As a huge basketball fan and a fan of Mirza Delibasic this film left me with a lot of wanting in the end. Mirza had a compelling story and a compelling life but this left a lot to be desired. Poorly constructed and organized it was also poorly edited. It never told his story in any order and lacked cohesion and sequence. It was not worthy of the person or the story it was trying to tell.
Documentary. Director: Zdenko Jurilj, 2011. 81 minutes.
An hour and a half after midnight, on May 6th 1991, the commander of the 4th Cropus of JNA general-major Milovan Zorc received a secret dispatch from the supreme command in Belgrade (Serbia), where he was ordered to move a part of the 10th Armoured mechanized brigade from Mostar (Bosnia and Herzegovina) and join it to the rest of the tank units in Sinj (Croatia). A long tank column, equipped with the battle shells and the soldiers draftees, who got the rifles and guns with live ammunition for the first time while being in the military service, set off in the early morning on May 7th 1991 from Mostar towards Sinj. 15 kilometers away from Mostar, the tank column came across the kilometers long barricade formed out of civilians and heavy trucks and passenger cars. While the verbal conflicts were lasting, passing over in the commanding chain of JNA the information came to the frightened soldiers in the tanks, composed out of all of the nations from the territory of former Yugoslavia, who didn’t even know where and why they were actually heading with the live ammunition, that they would have to use the firearms for the first time. The films enters the innermost feelings of the people in the bureaucratic offices, enters the souls of the commanders, soldiers, civilians! Through the feature film scenes, authentic takes, statements, radio and newspaper reports, the film “3 Days,” shows the chaos, the suspense, the fears that dominated among the people from both sides of the barricades on the eve of the beginning of Yugoslavia’s falling apart.
One of the most interesting stories never told from the Bosnian war. The most interesting part was the sight of Bosnian Croats in one of the most Croat Nationalist town in Bosnia (Siroki Brijeg) cheering for and wanting to see Alija Izetbegovic. It really showed that the course of events before, during and after the war could have been much different.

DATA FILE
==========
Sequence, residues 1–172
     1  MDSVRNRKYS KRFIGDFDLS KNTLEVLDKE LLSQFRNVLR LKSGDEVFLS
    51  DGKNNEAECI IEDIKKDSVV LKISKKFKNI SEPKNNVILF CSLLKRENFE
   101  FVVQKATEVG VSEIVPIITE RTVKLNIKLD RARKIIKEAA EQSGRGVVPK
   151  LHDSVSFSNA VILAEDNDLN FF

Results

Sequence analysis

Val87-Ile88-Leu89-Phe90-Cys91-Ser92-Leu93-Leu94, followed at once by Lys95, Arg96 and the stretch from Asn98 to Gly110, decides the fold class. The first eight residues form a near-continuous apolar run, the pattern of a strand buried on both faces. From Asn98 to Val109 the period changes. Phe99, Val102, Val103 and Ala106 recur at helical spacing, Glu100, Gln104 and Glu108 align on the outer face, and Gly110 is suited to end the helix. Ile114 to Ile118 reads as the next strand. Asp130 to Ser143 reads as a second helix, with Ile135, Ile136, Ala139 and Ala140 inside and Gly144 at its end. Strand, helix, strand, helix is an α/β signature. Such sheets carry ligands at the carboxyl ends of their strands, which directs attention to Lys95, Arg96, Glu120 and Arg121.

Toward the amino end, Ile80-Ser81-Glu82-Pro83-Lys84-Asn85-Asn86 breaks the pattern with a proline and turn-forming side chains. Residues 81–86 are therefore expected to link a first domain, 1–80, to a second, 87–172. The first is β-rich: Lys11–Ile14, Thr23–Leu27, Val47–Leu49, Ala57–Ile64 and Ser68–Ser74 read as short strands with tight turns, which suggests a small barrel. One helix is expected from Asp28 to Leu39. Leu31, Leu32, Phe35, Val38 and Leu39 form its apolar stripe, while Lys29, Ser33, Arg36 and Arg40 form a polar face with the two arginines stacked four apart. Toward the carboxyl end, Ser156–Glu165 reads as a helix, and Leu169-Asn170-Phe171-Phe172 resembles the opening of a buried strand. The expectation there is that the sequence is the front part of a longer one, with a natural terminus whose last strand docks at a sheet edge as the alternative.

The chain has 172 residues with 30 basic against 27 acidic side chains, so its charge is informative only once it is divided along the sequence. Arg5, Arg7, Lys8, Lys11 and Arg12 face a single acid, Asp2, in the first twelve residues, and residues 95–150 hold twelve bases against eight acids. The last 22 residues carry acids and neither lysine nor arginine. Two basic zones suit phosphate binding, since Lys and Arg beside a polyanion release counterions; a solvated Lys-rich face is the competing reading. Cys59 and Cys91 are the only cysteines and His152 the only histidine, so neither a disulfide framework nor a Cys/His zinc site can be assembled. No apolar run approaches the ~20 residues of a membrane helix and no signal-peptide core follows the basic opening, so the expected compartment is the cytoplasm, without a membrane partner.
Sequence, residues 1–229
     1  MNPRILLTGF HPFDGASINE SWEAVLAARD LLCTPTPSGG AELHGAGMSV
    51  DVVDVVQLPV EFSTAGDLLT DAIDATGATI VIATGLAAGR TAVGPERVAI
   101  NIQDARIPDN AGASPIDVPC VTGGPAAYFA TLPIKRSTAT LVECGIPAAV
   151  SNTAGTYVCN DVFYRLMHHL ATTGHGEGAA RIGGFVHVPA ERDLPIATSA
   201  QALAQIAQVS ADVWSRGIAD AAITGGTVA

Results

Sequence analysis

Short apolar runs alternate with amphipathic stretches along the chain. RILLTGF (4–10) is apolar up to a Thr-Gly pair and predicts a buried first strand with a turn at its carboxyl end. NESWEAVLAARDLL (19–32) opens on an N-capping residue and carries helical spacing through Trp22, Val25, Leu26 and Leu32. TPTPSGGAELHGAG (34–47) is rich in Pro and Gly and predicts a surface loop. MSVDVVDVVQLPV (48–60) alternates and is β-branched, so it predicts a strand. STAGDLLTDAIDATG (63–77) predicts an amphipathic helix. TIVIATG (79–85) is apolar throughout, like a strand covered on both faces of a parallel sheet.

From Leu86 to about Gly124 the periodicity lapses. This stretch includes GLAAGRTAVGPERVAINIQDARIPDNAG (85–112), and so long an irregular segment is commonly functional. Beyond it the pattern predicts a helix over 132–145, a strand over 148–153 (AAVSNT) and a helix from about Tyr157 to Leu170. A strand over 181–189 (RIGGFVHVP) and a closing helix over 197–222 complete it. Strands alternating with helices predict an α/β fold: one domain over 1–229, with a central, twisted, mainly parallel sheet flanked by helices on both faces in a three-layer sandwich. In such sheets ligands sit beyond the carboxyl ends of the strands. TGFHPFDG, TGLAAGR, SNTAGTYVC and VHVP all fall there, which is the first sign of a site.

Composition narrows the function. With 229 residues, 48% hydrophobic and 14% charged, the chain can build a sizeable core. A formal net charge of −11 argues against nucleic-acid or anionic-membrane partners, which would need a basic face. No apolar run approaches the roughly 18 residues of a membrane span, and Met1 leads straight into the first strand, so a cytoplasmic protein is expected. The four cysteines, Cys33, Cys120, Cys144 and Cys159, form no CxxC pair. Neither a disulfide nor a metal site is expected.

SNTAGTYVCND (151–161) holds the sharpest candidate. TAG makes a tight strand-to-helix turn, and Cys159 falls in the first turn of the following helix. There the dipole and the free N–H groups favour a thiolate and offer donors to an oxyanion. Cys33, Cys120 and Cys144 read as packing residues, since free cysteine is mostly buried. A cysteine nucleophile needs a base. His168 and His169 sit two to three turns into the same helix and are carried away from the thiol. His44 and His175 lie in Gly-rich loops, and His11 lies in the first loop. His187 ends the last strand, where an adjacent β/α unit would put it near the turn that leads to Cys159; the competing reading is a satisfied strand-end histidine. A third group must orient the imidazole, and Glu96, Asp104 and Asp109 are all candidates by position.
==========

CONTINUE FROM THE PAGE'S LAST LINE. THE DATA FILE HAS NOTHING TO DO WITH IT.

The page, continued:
SOME OTHER WORLD*
Documentary. Director: Mustafa Hadziibrahimovic & Naida Ribic, 2012. 59 minutes.
Is a documentary film conceived as an intimate portrayal of the Turkish Halilbeyli village and its residents. Halilbeyli is approximately 40 kilometers from the Turkish coastal city of Izmir. Besides the Turkish language, the majority of the 2,300 people living in the village also speak an old variant of the Bosnian language. Hallibeyli was founded by Bosniaks, predominantly from the Herzegovina region, who moved to the area during the 19th century. To this day, the descendants of these settlers maintained their language, culture, and customs. They represent a time which has disappeared, or is slowly fading away. The movie depicts an authentic picture of the life of Turkish citizens whose roots are mainly in Bosnia and Herzegovina.
An interesting story of Bosnians who fled BiH after the Ottoman Empire left and the Austro-Hungarian empire moved in at the turn of the 20th century. It raises the question of how to preserve identity in a changing world, especially with the young. It also begs the question of why so few Bosnians identify as such around the world in contrast to their neighbors the Serbs and Croats.
CHILDREN OF SARAJEVO
Feature. Director: Aida Begic, 2012. 82 minutes.
Rahima (23) and Nedim (14) are orphans of the Bosnian war. They live in Sarajevo, a transitional society that has lost its moral compass, including the way it treats orphans whose parents were killed fighting for the freedom of their city. After her crime-prone adolescent years, Rahima has found comfort in Islam and she hopes her brother will follow in her footsteps. Their life of bare survival becomes even more difficult after Nedim gets into a fistfight with the son of a local strongman and breaks his expensive mobile phone. This incident triggers a chain of events leading Rahima to the discovery that her brother leads a double life.
Another compelling feature film from young filmmaker Aida Begic. This film raises troubling questions of young people struggling in postwar Bosnia. It also raises questions about struggling poor here in the US and how they deal with it.